Hatred and prejudice, crime and violence, terrorism and armed conflict—on all continents—are symptoms of a sick world. 

Life in many big cities has become especially dangerous. 

Thus, when a police officer in Italy tried to encourage a prisoner by telling him that he might be released soon, the prisoner’s surprising reaction was, as reported by La Nazione

I couldn’t care less about getting out. These are difficult times. I prefer to stay in prison. It is too easy to get killed outside.”

There are also human weaknesses that divide families and undermine the quality of life in every type of political system. 

Divorces are on the increase nearly everywhere; in some places nearly half of all new marriages end that way. 

Escapism, too, in the form of excessive drinking affects both the Eastern and the Western world. 

One result is that each day people driving automobiles under the influence of alcohol add victims to a world slaughter that numbers some 300,000 deaths annually.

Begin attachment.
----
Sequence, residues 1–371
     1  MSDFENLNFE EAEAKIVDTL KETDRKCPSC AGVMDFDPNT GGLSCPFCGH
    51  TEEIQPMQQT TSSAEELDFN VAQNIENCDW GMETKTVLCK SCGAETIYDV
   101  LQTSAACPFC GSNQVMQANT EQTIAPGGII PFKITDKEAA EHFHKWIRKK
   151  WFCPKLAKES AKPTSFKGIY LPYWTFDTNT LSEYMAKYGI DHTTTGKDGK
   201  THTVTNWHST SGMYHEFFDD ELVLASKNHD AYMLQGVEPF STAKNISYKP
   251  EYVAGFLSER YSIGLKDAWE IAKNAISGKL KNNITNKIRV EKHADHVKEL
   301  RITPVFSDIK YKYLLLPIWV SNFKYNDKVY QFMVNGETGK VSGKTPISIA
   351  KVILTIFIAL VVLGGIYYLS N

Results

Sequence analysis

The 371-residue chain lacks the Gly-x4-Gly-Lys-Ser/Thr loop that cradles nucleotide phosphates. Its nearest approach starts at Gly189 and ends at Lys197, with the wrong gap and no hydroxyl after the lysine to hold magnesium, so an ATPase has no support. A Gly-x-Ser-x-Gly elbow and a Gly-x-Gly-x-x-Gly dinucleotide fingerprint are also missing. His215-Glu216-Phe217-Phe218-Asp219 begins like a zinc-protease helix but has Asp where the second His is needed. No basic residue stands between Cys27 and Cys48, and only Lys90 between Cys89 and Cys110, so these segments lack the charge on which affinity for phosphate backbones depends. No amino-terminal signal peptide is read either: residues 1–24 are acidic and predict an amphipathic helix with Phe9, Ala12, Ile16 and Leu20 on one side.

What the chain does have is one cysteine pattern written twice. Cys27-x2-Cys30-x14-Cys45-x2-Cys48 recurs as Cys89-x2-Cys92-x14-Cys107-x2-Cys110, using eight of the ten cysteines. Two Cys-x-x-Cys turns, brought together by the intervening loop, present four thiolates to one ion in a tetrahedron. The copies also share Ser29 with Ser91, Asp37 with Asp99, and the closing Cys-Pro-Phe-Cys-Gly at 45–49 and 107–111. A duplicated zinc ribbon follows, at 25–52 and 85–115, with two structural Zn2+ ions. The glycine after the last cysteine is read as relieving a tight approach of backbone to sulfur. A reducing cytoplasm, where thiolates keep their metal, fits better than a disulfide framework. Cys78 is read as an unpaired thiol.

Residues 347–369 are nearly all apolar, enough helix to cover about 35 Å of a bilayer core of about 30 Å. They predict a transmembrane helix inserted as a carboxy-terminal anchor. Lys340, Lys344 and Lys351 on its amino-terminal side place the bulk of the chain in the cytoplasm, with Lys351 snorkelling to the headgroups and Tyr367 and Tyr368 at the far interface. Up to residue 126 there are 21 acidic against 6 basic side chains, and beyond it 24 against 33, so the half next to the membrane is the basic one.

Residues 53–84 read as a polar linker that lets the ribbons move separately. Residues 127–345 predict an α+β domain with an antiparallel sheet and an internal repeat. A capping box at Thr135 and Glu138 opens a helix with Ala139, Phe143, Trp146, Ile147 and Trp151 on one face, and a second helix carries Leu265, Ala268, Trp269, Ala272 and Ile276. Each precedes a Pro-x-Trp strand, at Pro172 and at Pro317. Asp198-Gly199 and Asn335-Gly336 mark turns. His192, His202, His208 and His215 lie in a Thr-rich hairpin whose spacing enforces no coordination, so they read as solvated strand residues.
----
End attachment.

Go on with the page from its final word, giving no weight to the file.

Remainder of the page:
The plague of drug addiction has brought grief to millions. 

Rampant sexual permissiveness is resulting in an enormous harvest of dreaded venereal diseases, some now resistant to treatment. 

And accompanying that is a tidal wave of unwanted pregnancies and abortions.

Social problems are made worse by the 800 billion dollars a year now spent on armaments. 

That is over two billion dollars a day!

Yet, millions of children die of malnutrition every year, as do many adults. 

Thus, we cannot escape the truth on this matter: Social problems and inequalities are increasing.

Hundreds of millions of disappointed and oppressed people find themselves without hope. 

And no social system of this world can solve these problems since there is no united approach to them.

Surely, it is evident by now that no political, economic or social system of this world can serve as a uniting force for mankind. 

Indeed, just what can we look to as a force for uniting this pitifully divided human family

Unity —What it could mean